Design Dilemma A Living Room Plan to Separate the Foyer Blog HGTV Canada

Design Dilemma A Living Room Plan to Separate the Foyer Blog HGTV Canada

Design Dilemma: A Living Room Plan to Separate the Foyer

Posted by Elana Safronsky, Managing Editor Wednesday, May 6, 2009 10:30 AM EDT

Today’s Design Dilemma comes to us from Ruth S.. whose freshly tiled and extended foyer looks great but is bullying the living room.


Here’s Ruth’s question;


I am wondering if you can please help me? I have a 24′ x 11’6 living/dining room that is open plan and is open onto the staircase on one side and the foyer (see photo). I am in the process of finishing up my living room area but would love a suggestion about how I can separate the foyer from the living room, either visually or physically. We have extended the floor of the foyer by almost 3′ as it was originally too small, and I love the new slate flooring. Do you think that there is room there for a half-wall, albeit a small one, or should I try and divide it up by using a screen or column type piece of furniture? Once I have created a visual division, how should I lay out the furniture in the living room? I have tried everything, to no avail, and would really welcome your suggestions.

Thanks for a great and informative website.


Here’s Ruth’s living/dining room and foyer:

Well I certainly see your problem. My main concern about separating the foyer from living room with furniture or a half-wall would be the passage way that would result between that piece of furniture/wall and the corner of the wall with the mirror.  The same goes for putting up a visual detail such as a column.  Presumably you would place it at the corner end of the slate floor, which by the looks of it – and it’s hard to tell from a photograph – may create too narrow a passage between it and the stairway (mirror) wall.


I would consider the following options but with caution, as you’ll essentially be boxing yourself in;   

1. Open Shelving Unit

Something such as the one pictured here, but even this may be too bulky and crowding.  It all depends on its size and the amount of space you have to play with in the foyer.  I would mark out the maximum allowable footprint for a shelving unit on the floor in colourful tape and see how much elbow room you have.  Then shop accordingly.  Whatever you go with however should be floor-to-ceiling, but not necessarily attached to the outside (door) wall.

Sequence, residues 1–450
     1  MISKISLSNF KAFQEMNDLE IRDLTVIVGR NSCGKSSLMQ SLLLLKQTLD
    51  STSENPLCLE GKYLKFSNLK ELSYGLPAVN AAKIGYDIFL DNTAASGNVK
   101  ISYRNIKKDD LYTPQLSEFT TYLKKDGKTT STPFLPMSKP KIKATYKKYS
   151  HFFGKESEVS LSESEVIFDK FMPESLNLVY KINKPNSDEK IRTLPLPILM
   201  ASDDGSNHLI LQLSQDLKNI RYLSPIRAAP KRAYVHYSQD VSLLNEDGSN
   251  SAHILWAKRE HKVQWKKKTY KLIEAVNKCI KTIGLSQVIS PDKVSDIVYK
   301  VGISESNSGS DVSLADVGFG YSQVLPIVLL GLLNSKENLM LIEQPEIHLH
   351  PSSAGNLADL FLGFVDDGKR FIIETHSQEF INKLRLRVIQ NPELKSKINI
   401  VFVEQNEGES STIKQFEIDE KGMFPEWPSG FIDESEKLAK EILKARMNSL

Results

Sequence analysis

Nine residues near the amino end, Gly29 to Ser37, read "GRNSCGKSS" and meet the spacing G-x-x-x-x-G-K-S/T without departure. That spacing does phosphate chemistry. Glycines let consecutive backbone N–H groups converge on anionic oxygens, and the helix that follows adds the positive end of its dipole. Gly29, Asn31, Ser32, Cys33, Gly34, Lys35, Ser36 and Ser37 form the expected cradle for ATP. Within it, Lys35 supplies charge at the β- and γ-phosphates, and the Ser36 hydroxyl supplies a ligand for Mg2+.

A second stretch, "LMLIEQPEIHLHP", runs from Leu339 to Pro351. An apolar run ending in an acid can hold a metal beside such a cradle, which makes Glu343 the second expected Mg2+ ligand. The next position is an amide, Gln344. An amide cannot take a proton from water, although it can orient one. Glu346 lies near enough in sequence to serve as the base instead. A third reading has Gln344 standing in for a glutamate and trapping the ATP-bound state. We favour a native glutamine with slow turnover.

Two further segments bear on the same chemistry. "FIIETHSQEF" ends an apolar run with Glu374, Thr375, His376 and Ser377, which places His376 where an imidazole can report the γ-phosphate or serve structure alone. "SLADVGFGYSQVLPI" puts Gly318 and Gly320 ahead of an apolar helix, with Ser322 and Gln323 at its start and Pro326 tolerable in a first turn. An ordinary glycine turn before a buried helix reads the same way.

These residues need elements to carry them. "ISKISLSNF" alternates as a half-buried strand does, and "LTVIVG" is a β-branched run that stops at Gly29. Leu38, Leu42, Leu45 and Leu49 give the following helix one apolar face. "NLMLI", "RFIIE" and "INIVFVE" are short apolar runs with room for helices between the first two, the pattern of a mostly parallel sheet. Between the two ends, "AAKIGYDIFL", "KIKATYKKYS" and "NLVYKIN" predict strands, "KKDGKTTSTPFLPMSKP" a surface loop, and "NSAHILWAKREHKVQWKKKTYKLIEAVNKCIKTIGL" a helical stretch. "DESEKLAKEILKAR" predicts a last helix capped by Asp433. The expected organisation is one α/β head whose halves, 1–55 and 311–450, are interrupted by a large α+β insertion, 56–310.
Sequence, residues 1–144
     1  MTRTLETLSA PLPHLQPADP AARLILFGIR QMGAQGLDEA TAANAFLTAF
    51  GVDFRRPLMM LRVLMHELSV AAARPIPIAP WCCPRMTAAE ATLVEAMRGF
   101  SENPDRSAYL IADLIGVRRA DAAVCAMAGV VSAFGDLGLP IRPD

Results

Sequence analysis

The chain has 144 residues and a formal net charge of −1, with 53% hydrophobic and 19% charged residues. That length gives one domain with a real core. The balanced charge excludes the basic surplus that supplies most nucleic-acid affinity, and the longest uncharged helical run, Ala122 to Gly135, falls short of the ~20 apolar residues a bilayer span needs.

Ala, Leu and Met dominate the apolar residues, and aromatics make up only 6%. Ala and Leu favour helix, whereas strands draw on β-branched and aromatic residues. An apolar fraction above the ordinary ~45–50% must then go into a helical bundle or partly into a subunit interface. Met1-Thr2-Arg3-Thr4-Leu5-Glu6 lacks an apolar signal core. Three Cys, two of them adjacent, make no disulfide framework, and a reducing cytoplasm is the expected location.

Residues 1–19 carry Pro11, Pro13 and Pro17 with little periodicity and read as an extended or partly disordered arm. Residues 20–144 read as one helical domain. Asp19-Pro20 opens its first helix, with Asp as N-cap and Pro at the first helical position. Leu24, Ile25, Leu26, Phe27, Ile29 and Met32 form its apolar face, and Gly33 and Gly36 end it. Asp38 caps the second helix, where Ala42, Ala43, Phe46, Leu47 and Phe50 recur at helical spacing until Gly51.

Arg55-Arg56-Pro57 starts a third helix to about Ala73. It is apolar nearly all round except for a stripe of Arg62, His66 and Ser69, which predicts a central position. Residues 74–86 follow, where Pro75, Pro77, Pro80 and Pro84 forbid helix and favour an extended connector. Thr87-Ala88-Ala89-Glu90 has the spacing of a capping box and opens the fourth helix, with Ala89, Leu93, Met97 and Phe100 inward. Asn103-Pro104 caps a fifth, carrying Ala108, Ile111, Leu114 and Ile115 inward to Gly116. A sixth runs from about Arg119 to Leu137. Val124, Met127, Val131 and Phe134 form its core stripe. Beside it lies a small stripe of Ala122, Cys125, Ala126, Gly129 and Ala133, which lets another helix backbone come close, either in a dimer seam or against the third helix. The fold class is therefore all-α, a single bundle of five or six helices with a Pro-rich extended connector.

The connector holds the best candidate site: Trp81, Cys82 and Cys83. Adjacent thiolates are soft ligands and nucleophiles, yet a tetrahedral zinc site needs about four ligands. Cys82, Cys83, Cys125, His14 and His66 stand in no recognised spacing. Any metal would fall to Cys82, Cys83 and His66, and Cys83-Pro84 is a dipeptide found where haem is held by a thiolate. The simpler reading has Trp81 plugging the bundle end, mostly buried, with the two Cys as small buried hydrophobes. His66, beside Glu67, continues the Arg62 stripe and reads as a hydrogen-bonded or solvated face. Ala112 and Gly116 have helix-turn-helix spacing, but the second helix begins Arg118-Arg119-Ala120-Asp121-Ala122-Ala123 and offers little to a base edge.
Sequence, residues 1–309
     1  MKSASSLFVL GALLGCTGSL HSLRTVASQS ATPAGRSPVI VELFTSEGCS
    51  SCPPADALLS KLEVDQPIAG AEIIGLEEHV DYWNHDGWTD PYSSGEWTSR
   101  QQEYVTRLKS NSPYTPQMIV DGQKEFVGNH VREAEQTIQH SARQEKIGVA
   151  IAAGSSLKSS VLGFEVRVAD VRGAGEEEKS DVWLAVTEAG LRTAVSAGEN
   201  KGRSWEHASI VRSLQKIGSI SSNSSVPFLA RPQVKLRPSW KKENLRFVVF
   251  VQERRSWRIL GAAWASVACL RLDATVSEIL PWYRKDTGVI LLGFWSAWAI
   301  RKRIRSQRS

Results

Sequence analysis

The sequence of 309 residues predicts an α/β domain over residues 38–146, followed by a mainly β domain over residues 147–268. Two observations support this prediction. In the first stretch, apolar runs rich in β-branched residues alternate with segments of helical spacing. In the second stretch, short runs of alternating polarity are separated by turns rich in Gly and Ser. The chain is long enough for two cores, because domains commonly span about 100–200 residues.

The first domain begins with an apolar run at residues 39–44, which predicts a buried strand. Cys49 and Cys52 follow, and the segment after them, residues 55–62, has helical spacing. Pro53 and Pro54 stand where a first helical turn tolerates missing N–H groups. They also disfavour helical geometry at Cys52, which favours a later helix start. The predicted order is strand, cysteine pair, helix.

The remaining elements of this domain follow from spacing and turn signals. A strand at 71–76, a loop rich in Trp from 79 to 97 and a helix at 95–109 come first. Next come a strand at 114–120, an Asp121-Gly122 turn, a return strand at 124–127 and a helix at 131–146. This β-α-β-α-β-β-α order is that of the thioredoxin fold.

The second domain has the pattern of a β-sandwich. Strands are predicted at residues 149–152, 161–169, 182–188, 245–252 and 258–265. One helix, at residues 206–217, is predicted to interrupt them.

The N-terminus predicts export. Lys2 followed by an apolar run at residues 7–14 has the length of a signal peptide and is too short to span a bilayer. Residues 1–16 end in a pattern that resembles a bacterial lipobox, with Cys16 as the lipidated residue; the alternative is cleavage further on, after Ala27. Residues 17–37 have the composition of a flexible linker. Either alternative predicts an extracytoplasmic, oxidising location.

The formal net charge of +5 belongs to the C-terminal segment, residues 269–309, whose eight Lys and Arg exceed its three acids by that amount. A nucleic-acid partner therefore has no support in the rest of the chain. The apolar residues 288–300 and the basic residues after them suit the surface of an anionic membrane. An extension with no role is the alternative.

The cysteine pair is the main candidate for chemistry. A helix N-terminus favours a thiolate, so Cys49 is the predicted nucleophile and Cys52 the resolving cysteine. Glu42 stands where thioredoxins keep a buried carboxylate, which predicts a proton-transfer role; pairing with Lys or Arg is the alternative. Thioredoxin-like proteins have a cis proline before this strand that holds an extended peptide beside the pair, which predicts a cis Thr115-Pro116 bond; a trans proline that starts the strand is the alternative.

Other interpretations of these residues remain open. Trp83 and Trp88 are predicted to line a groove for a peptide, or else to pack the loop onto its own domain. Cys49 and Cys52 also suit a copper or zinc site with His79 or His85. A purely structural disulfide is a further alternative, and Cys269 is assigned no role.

2. A Mini Dividing Wall

Not a half-wall rising from the floor, but a mini wall that juts out from the outside (door) wall. such as you see in the photo below, from an episode ofHome to Stay with Peter Fallico .  Again, I would measure this out on the floor in tape, as there may not be enought room for it.  How far the wall juts out will be a delicate calculation, based on, again, the passage way remaining ample, and my next suggestion.

Design Dilemma A Living Room Plan to Separate the Foyer Blog HGTV Canada

3. A New Living Room Floor Plan

Here I again refer to the same living room by Peter Fallico . whose expertise with real spaces has been proven time and time again.

Consider placing two matching love seats/small sofas face-to-face. with one in front of the living room window (as is shown in the photo) and the other as a divider between the living room and dining room, immediately before the head of the dining room table (with room for the chair to move, of course.)  The sofa before the window could be small enough to fit within the natural nook, or you can move it slightly away from the window which would allow you to have a longer sofa, and the possibility to place a narrow console between it and the window on which you can rest books, magazines and decorative items.


The small dividing wall should jut out the same distance as the depth of the sofa, to hide the sofa behind it.  It should leave the foyer ample enough for normal traffic to pass but it doesn’t mean that it will not still visually crowd. 


What this floor plan would also do is free up the feature wall. against which the current sofa sits.  This is really the only wall offering space for storage. and it’s where I would design a shelving unit which could incorporate a TV, or a gas fire place. The TV could sit in the middle to be viewed from the two facing sofas, or alternatively, the shelving unit could extend into the corner of the room (by the window), where the TV could sit on an angle, facing the room.   Custom is really the way to go here. unless you can find something with the perfect proportions for your space.  



Anyone else have other suggestions?

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